Practice Perfect 787
Improve Feedback Enhanced Teaching - Break It Down

One of the challenges of being a teacher of any sort, whether for students or residents, is providing feedback. Now, it’s easy to give negative feedback (“You’re a terrible doctor, Shapiro!”), but what I’m talking about is truly educational feedback. We know that our resident trainees desire feedback at the time of their experiences1, but let’s focus more specifically on a method to help trainers to frame the feedback they give.

Let’s first list a few important characteristics of high-quality feedback which is…

  1. Immediate – The closer in time to the event, the fresher will be the experience for the learner. This also decreases ambiguity due to forgetting what occurred.
  2. Constructive – The feedback should be aimed at helping the learner improve in a safe and respectful environment.
  3. Specific – Comments should be as concrete and focused as possible. Vague comments don’t support learning.
  4. Actionable – The learner should be able to do something with the criticism provided with the primary goal being doing the skill under discussion correctly and competently in the future.

The hardest part of this for most of us is making the feedback specific enough to help trainees understand what they’re doing incorrectly and changing future behavior. My suggestion to make this process just a little easier is to break it down.

Break It Down

Breaking down an activity with the intent to give feedback is a way for a preceptor to prepare for an upcoming situation with a trainee. This exercise is actually very simple but does take some mental work ahead of time. For every task we execute or skill we acquire, a number of smaller, more elementary subskills combine together to make that primary skill happen successfully. The more complex the skill, the larger the number of subskills.

In general, an educator would Break It Down using the following steps.

  • Step 1: Determine the skill to be evaluated.
  • Step 2: Break that skill down into its component parts
  • Step 3: Consider what prior knowledge, if any, is necessary to do that skill.
  • Step 4: Watch the trainee do the skill. Observe the occurrence of each subskill as it happens looking for errors.
  • Step 5: Give specific feedback using the learner’s correct/incorrect execution of each subskill as a guide.

Let’s take surgical soft tissue dissection as an example. The surgeon is scheduled to do a bunionectomy procedure with a new first year resident. She wants the resident to prove his ability to do a proper superficial dissection (Step 1) before moving on to dissection of the joint itself. Before the procedure, she breaks this skill down into its most basic parts (Step 2) which variably include choosing a scalpel size, properly holding the scalpel, pulling the scalpel across the skin using the correct part of the scalpel in a controlled depth incision, using the electrocautery or hand-tying blood vessels, and spreading the subcutaneous layer in the proper manner with the correct instrument. She plans to ask the resident what anatomical structures are at risk (Step 3), expecting the resident to know the anatomy, surgical instrument names, and where to mark the planned incision. She then watches the resident make the incision and perform the dissection (Step 4), watching to make sure the resident doesn’t do anything that will harm the patient. She may then choose to provide intraoperative feedback (Step 5) or wait until the end of the procedure to discuss what the resident did correctly and incorrectly keeping those subskills in mind. For example, if the resident started to tip his hand so the scalpel was no longer 90 degrees to the skin, the attending would stop him and explain how to properly to do this.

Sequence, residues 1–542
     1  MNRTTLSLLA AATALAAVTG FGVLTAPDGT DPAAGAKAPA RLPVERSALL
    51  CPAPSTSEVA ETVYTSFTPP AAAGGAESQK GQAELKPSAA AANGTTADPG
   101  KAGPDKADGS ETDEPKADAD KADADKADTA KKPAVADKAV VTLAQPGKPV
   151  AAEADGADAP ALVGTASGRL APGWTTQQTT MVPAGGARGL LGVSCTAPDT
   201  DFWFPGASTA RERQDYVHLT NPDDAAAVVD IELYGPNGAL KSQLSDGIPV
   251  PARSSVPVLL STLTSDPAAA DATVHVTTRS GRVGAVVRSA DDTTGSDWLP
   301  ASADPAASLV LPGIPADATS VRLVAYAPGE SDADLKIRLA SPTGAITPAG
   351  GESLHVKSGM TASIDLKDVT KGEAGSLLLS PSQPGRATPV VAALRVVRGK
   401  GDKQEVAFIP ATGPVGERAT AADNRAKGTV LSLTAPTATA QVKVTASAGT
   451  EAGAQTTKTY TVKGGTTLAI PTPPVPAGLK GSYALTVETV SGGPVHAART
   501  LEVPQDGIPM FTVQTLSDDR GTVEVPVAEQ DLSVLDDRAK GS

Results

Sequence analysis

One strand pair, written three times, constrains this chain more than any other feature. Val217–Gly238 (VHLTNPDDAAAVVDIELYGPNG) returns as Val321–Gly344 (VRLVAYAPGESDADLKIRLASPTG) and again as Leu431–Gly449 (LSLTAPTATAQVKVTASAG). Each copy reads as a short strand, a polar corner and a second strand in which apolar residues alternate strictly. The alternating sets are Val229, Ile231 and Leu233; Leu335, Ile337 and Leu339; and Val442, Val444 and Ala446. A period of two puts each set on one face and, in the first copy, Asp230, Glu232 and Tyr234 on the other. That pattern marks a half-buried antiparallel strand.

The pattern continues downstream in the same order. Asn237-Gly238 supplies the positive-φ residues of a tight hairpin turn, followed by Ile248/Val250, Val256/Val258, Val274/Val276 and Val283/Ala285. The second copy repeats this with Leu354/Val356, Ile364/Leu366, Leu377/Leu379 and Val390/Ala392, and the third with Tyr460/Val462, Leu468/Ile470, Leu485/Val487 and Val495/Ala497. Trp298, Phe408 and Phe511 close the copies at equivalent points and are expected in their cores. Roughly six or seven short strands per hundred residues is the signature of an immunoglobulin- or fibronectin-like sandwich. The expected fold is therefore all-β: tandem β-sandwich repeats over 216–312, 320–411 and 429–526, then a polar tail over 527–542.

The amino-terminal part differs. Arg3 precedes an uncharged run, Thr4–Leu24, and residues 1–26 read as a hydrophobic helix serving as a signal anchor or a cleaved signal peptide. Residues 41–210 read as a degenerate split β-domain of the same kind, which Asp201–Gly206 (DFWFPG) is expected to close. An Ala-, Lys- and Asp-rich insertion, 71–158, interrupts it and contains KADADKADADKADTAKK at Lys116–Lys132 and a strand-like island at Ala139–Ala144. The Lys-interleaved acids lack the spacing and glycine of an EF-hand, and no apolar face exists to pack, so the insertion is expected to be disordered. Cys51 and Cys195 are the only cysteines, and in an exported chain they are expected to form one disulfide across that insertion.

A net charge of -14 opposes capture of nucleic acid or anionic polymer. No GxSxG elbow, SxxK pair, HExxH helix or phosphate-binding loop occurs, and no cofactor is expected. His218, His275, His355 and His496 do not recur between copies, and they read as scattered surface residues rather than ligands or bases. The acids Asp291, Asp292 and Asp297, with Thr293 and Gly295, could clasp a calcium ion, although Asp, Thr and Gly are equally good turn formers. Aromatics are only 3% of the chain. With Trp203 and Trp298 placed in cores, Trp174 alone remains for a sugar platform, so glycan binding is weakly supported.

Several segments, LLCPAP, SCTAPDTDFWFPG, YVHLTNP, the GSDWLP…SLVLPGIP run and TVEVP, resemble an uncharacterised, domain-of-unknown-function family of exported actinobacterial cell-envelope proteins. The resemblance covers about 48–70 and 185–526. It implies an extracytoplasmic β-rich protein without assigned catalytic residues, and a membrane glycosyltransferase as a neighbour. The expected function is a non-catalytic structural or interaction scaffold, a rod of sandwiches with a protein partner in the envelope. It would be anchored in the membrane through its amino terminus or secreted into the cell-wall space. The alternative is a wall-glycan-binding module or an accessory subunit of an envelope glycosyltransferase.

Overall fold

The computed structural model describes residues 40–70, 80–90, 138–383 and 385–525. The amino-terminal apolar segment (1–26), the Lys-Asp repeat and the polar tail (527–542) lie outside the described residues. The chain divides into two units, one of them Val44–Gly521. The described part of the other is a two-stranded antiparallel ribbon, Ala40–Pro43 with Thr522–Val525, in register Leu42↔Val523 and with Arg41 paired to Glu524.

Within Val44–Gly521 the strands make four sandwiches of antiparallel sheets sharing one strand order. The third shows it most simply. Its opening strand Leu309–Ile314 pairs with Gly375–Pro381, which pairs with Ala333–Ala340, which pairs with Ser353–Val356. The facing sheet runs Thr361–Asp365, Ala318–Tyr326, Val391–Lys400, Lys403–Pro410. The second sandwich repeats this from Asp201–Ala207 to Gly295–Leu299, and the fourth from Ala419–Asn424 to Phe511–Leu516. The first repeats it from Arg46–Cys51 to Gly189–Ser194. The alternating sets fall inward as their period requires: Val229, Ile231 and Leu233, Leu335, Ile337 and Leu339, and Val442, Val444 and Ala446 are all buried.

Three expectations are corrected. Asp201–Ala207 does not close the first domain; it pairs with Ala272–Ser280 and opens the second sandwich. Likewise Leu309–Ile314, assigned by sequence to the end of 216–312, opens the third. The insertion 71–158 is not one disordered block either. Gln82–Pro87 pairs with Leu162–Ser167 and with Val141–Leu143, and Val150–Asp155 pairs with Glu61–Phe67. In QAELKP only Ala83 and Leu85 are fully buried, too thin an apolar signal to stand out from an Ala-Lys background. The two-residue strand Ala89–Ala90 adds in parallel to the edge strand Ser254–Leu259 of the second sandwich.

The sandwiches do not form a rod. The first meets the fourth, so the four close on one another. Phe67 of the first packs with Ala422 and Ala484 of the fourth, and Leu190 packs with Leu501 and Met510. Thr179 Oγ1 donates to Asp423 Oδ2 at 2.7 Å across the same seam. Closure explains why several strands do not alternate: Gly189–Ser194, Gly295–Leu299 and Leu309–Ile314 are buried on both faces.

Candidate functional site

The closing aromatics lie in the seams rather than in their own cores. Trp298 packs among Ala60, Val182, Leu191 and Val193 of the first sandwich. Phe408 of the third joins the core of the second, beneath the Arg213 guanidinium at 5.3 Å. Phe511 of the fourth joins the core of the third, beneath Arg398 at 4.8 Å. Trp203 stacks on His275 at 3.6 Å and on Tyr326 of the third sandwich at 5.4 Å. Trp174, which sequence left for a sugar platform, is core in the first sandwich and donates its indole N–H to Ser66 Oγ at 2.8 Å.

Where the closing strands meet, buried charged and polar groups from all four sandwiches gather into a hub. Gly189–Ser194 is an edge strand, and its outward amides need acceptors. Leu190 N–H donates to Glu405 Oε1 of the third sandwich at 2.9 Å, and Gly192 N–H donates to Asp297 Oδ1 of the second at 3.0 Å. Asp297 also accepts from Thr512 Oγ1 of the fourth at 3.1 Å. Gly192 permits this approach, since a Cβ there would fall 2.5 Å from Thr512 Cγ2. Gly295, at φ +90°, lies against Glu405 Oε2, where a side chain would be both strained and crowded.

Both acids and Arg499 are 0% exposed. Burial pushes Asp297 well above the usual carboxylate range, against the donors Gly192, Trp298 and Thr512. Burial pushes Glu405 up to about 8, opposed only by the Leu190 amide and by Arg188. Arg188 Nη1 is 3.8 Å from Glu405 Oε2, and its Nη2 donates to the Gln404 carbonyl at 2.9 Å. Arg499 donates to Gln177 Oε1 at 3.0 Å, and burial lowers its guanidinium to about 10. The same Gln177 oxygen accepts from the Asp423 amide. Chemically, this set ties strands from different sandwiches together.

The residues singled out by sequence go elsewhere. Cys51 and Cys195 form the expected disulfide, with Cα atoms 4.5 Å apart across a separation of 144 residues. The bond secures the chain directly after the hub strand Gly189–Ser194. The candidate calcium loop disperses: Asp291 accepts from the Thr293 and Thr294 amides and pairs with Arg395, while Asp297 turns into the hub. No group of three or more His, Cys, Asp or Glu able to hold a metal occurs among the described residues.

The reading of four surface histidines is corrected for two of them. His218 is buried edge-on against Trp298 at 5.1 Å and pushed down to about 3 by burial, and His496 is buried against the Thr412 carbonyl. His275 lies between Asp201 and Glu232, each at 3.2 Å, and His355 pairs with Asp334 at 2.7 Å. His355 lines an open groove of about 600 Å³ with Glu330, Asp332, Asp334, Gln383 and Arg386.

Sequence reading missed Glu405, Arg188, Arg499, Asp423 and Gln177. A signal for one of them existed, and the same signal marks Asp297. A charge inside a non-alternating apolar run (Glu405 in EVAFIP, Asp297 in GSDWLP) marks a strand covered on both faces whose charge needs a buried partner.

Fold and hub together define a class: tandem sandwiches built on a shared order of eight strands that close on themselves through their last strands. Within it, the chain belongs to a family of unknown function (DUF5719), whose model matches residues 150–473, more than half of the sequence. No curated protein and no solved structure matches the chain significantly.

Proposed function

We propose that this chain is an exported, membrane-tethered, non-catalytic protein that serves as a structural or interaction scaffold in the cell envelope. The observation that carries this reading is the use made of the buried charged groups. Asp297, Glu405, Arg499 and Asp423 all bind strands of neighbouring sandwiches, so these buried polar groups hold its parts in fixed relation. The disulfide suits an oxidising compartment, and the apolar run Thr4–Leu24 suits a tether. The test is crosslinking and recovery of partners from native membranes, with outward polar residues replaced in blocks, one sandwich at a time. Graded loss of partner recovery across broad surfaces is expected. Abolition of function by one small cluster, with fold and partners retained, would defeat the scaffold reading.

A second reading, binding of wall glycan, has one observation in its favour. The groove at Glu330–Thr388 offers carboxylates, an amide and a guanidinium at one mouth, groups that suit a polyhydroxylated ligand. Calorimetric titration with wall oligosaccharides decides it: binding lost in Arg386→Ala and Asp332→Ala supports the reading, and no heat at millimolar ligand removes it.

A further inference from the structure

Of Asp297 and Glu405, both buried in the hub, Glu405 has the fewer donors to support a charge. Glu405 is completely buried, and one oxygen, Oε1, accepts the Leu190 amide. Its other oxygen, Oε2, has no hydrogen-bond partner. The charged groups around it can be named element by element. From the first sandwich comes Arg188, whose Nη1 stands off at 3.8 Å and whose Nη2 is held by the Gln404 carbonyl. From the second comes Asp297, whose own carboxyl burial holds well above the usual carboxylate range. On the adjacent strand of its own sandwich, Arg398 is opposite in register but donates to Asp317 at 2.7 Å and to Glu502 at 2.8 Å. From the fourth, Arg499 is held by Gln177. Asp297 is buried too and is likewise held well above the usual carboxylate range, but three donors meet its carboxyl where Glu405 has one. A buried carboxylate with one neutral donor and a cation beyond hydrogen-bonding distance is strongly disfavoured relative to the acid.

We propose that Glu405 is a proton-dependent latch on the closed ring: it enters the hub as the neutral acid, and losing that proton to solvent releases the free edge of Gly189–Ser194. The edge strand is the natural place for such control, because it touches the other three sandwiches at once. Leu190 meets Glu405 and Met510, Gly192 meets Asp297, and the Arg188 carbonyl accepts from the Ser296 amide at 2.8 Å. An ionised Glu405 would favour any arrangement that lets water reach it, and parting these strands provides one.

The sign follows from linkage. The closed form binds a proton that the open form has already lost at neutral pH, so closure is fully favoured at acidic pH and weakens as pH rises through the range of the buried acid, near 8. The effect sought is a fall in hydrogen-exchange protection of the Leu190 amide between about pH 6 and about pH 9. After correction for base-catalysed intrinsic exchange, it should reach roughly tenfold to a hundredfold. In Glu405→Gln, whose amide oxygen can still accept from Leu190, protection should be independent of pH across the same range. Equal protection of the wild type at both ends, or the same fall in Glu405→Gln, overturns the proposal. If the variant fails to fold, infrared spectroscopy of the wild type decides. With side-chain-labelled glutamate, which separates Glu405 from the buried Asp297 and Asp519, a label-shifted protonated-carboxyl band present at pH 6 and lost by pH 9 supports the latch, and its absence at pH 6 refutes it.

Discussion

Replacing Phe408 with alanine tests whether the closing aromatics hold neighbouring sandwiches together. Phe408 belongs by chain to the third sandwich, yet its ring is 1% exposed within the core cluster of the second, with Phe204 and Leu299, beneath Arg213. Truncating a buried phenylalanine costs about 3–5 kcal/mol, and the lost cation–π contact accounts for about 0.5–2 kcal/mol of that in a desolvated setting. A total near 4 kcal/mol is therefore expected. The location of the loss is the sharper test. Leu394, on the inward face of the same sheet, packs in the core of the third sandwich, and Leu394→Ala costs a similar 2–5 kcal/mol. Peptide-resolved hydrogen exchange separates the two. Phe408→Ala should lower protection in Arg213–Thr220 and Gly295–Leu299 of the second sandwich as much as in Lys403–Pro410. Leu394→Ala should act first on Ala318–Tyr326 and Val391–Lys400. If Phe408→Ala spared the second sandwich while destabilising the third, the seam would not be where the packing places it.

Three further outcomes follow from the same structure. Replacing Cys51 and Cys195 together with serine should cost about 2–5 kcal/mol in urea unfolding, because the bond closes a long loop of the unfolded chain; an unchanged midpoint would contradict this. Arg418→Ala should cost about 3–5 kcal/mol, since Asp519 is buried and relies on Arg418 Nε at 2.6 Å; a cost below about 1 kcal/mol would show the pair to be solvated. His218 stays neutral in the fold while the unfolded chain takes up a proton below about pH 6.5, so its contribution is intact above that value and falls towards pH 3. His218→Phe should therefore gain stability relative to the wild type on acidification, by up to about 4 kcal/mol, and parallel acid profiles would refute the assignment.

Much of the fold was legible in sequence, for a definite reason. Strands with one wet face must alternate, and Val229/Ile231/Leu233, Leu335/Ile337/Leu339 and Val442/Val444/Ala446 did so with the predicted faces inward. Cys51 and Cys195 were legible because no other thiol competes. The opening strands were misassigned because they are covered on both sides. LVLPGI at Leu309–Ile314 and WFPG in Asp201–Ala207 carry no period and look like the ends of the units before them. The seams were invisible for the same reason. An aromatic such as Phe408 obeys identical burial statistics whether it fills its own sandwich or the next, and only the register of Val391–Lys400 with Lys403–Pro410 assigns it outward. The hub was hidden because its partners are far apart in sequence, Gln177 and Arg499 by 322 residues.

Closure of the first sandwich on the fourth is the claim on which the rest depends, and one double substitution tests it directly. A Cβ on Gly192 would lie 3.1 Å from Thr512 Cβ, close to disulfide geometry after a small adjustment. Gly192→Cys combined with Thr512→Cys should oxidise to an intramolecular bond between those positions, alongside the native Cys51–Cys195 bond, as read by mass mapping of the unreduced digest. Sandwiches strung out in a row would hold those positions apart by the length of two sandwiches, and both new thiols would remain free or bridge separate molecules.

As a teacher, there’s one other step to this process (Step 6) which is to expect improvement of that skill at the next encounter. It is absolutely permissible for an attending to tell their trainee, “Now that we’ve reviewed and discussed these skills, I expect that you will show me how much you’ve improved during our next case together by doing what we discussed today correctly.”


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I picked a surgical topic, but this is applicable for all skills from trimming calluses to managing a busy podiatry clinic. My description looks long, but this is actually a very quick process once a trainer practices it a few times. Give it a try and see how much more specific and useful your feedback becomes.

Best wishes.

Jarrod Shapiro, DPM
PRESENT Practice Perfect Editor
jarrod@podiatry.com
References
  1. Shofler D, Chuang T, Argade N. The residency training experience in podiatric medicine and surgery. J Foot Ankle Surg. Jul-Aug 2015;54(4):607-614.
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